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Two months after COVID-19 hit India in March 2020, Prime Minister Narendra Modi delivered a speech that underlined the vision for a self-sufficient or atmanirbhar India.
“All our demands during the crisis were met locally. Now, it is time to be ‘vocal about local’ products and help them become global,” he said. At the time, the country was still under a national lockdown. His idea was to recognize the importance of local products and services as well as local manufacturing and supply chains while cutting down reliance on other countries.
Since then, many Indian startups have come forward to build up local equivalents to global platforms for regional users. The list includes Twitter-like microblogging app Koo, Clubhouse alternative Fireside, and short video app Moj, among others. To foster the innovation, the country announced Startup India Seed Fund earlier this year, with a corpus of INR 9.45 billion (USD 128 million) to back 3,600 startups over the next four years. It is yet to be seen how the government funding will help these startups, but it seems to be beneficial for companies if they have a government connect.
For this week’s big read we looked at how a local video conferencing platform Vconsole—which had won a government-organized contest in 2019—was able to beat global market leader Zoom in landing one of the most significant clients in the country—the central government.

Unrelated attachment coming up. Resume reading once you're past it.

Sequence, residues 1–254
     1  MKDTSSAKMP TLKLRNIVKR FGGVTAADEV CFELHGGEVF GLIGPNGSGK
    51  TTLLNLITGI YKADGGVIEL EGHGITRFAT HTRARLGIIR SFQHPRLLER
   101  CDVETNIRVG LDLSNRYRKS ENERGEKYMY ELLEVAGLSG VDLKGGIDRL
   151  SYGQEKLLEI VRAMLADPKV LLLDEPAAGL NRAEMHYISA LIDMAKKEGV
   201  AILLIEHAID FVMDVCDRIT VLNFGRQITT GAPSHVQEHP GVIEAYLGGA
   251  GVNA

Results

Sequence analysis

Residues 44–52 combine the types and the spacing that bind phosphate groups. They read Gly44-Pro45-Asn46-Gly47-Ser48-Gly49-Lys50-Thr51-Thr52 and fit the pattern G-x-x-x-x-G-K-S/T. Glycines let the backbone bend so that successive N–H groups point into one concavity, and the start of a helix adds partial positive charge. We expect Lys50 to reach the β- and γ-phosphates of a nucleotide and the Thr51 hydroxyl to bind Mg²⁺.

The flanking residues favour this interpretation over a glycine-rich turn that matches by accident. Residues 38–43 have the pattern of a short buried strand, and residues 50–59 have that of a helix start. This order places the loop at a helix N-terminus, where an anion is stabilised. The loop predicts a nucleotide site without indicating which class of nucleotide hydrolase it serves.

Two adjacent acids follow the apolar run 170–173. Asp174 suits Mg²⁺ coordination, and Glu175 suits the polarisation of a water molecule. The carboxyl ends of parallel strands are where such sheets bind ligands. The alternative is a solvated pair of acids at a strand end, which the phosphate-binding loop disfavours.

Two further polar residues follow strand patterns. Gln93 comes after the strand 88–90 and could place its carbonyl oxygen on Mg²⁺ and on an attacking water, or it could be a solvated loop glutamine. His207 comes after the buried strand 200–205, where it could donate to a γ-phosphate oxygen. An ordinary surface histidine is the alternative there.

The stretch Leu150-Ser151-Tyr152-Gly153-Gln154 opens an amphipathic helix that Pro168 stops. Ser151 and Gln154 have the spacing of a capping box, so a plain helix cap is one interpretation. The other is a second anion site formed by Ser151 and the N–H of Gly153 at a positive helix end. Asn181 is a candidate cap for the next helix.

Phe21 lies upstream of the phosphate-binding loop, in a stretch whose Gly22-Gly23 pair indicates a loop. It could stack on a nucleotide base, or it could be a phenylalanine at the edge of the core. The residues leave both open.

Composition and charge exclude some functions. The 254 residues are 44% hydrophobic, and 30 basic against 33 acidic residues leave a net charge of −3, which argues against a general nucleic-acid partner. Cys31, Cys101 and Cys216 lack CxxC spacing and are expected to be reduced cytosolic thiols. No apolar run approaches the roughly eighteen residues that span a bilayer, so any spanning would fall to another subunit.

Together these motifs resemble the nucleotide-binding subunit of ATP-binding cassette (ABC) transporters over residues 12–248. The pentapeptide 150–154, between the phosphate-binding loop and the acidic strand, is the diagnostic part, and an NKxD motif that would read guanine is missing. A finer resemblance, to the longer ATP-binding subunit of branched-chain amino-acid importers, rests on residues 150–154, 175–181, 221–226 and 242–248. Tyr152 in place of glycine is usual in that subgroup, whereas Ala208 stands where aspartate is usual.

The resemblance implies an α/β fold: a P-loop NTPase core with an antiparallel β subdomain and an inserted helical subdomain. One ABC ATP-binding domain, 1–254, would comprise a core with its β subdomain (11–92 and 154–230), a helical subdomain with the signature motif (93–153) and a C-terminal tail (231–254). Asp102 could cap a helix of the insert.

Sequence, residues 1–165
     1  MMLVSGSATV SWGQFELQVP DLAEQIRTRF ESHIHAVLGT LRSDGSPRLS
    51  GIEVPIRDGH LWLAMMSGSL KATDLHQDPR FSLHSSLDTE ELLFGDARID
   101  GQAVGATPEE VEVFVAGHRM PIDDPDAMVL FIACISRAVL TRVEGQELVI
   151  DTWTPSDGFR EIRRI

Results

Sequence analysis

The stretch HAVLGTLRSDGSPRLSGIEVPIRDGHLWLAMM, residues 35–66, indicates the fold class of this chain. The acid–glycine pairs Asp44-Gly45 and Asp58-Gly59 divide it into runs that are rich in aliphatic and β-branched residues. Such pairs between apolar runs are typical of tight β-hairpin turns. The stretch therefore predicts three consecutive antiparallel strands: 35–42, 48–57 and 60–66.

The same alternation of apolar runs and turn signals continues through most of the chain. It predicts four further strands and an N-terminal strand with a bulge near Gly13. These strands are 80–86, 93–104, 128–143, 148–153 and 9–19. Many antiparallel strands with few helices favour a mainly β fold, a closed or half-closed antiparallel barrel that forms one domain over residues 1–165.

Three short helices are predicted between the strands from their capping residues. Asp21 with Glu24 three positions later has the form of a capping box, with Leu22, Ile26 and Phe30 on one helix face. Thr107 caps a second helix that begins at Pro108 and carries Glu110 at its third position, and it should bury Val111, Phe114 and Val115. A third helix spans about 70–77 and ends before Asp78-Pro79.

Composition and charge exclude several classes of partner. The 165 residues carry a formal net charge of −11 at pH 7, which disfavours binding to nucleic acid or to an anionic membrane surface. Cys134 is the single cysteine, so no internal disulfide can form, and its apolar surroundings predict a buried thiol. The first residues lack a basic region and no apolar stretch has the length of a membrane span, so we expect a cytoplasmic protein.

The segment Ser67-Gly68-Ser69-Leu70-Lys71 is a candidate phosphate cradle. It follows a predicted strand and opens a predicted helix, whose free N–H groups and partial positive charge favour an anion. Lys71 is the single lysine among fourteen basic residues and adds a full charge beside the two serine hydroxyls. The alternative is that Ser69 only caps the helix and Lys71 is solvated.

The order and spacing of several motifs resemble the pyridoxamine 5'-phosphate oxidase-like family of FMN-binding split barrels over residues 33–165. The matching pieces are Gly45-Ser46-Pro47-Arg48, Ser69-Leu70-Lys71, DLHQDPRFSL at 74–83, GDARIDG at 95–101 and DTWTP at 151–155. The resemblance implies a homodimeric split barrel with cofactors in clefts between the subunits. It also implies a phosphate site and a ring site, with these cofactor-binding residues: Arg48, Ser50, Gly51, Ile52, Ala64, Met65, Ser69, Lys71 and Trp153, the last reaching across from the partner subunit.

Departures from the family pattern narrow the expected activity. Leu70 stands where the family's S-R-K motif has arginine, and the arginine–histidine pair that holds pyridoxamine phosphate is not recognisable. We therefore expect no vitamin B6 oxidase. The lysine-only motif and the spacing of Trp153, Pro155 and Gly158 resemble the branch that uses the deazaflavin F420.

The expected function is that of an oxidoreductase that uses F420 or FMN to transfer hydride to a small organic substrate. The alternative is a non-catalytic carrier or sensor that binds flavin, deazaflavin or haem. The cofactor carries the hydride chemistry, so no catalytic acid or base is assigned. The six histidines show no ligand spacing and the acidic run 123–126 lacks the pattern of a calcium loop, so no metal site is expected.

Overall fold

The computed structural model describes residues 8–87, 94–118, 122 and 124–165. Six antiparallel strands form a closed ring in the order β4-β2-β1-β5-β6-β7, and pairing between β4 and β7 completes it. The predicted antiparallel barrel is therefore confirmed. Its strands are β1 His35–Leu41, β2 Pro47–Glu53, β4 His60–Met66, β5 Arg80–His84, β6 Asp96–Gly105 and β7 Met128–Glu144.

The Big Read
India’s Vconsol is growing to become the local answer to Zoom
In April 2020, India partially banned Zoom, forbidding its use at the Union Government level and replacing it with local alternative Vconsol.
Vconsol was created by Techgentsia, a startup from Kerala that had won prize money of INR 1 crore ( USD 135,000 ) in August 2019 in a contest organized by the Ministry of Electronics and IT. After the contest, Techgentsia cloned a dedicated instance of Vconsol and rebranded it as BharatVC, exclusively for India’s Union Government.
However, it was not until Zoom was debarred from being used in central government departments did the ministries reluctantly start to adopt the local software.
Techgentsia’s contract with the government is for three years, during which the firm will get an additional INR 10 lakh (USD 13,546) annually towards the maintenance of the project. Vconsol has been used by the Indian government agencies on various occasions including Prime Minister Modi’s video conferencing with the country’s Olympic contestants and their family members.